These Are "Just Stop Oil"'s Most Controversial Stunts: From Throwing Soup on Van Gogh's Painting to Smashing Cake on King Charles Waxwork
600 Just Stop Oil protestors have been arrested since the beginning of October.
The UK-based activist group Just Stop Oil has attracted headlines and heated opinions over the last few months for their splashy stunts. Earlier this month, they threw tomato soup at Van Gogh's Sunflowers in London's National Gallery; previously, two protestors glued themselves to a depiction of The Last Supper. It's all, they say, to make officials take action to stop climate change.
News outlets report that more than 600 Just Stop Oil protestors have been arrested in various protests—which have included blocking roads and racetracks—since the beginning of October. Their goal is to "ensure that the government commits to ending all new licenses and consents for the exploration, development and production of fossil fuels in the UK," they've said.
Their latest demonstration happened in London this week when two protestors smashed a chocolate cake into the face of a waxwork representation of King Charles in the local Madame Tussaud's. "We are here because we seek to protect our freedoms and rights, because we seek to protect this green and pleasant land which is the inheritance of us all," the protestors said before they were arrested. These are five of the most controversial stunts Just Stop Oil has engineered so far.
On TK, Just Stop Oil protesters threw Heinz tomato soup at Vincent van Gogh's Sunflowers painting at London's National Gallery. "What is worth more, art or life?" said one of the activists, the Guardian reported. "Is it worth more than food? More than justice? Are you more concerned about the protection of a painting or the protection of our planet and people?"
The museum said the painting was not harmed, and police were called. A witness told the Guardian he worried about targeting "a beautiful piece of art, which is the best of humanity." He added: "They may be trying to get people to think about the issues but all they end up doing is getting people really annoyed and angry."
In July, five Just Stop Oil activists spray painted "No New Oil" underneath the painting Copy of Leonardo's The Last Supper at London's Royal Academy of Arts. They then glued their hands to the frame. The 500-year-old duplicate of Leonardo da Vinci's masterpiece has been attributed to a student of da Vinci's.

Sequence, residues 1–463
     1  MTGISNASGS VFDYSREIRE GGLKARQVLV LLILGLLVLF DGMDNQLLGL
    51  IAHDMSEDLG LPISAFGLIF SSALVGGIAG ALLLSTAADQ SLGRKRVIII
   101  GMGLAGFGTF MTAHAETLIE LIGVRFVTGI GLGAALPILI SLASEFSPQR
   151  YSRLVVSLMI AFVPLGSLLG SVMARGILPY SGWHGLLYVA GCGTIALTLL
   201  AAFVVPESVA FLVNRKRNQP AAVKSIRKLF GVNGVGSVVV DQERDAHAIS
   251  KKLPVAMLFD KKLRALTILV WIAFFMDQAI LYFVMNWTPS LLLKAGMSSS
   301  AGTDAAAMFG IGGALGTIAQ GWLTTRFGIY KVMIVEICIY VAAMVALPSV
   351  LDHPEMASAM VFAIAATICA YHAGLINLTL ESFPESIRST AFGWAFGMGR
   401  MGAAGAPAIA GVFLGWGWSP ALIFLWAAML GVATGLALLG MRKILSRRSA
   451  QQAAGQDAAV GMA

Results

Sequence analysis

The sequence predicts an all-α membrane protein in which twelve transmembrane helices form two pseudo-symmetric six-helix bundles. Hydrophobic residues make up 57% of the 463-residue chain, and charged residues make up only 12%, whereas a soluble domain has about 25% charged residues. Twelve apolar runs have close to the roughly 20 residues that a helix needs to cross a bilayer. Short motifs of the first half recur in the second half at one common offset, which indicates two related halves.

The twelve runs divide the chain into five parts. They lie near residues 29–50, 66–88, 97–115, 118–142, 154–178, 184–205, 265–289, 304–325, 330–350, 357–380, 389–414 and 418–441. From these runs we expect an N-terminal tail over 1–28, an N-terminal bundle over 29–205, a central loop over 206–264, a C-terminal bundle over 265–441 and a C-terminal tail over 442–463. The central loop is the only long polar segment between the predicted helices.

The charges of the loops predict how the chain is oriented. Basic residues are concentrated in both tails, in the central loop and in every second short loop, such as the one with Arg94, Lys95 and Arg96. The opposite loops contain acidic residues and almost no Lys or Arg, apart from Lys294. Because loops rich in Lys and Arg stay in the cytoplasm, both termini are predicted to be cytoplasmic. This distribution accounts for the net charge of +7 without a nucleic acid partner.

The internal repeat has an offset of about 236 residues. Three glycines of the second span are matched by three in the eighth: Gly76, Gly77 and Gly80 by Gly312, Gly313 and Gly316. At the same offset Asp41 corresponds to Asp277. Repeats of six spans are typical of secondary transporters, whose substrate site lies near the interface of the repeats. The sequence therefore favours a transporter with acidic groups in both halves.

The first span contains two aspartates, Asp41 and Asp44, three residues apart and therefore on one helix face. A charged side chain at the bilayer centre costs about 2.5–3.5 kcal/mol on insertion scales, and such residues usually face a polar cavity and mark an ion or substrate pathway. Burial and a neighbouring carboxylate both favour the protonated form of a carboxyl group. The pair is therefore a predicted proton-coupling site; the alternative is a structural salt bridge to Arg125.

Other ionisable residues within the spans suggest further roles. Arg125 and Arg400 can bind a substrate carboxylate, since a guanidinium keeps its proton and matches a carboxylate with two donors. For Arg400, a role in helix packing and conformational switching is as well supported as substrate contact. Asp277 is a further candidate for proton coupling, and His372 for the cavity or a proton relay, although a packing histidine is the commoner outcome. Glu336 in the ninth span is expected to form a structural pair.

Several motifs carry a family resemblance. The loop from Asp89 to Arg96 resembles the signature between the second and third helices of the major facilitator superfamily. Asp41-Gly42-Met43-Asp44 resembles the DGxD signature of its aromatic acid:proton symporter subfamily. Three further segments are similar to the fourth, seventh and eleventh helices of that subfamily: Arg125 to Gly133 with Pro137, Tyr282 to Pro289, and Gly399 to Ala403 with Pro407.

"We have no time left, to say that we do is a lie. We must halt all new oil and gas right now, we will stop disrupting art institutions as soon as the government makes a meaningful statement to do so," Lucy Porter, 47, a former teacher who participated in the demonstration, said in a statement provided by Just Stop Oil. "Until then, the disruption will continue so that young people know we are doing all we can for them. There is nothing I would rather be doing."
The Telegraph reported that on Monday morning, Eilidh McFadden, 20, and Tom Johnson, 29, bought tickets to Madame Tussauds, where they stepped over the security rope separating King Charles' waxwork from the public and slapped a chocolate cake in its face.
"We are here because we seek to protect our freedoms and rights, because we seek to protect this green and pleasant land which is the inheritance of us all," they said. In a statement, Just Stop Oil added: "The science is clear. The demand is simple: just stop new oil and gas. It's a piece of cake." Four people were arrested in the incident, police said.
In June, a pair of protestors, aged 21 and 24, glued themselves to the frame of Van Gogh's Peach Trees in Blossom at the Courtauld Gallery in London. In a statement, Just Stop Oil said they called on "government to end new oil and gas and for art institutions to join them in civil resistance."
"As a kid I used to love this painting," said Louis McKechnie, one of the protestors, in the statement. "I still love this painting, but I love my friends and family more, I love nature more. I value the future survival of my generation more highly than my public reputation. The scientists are saying we need to end fossil fuel licensing and the government is pouring sand in their ears. I'm not willing to be marched to my death by the fossil fuel companies and their government puppets."
In June, a group of Just Say Oil protesters jumped onto the track on the opening lap of the British Grand Prix, ESPN reported. They avoided injury because of a crash on another part of the track. Seven people were arrested.
"Big up to them," said competitor Lewis Hamilton at the postrace press conference for the top three finishers. "I didn't know what the protestors were for, so I only just found out. I just said big up the protestors. I love that people are fighting for the planet. So we need more people like them."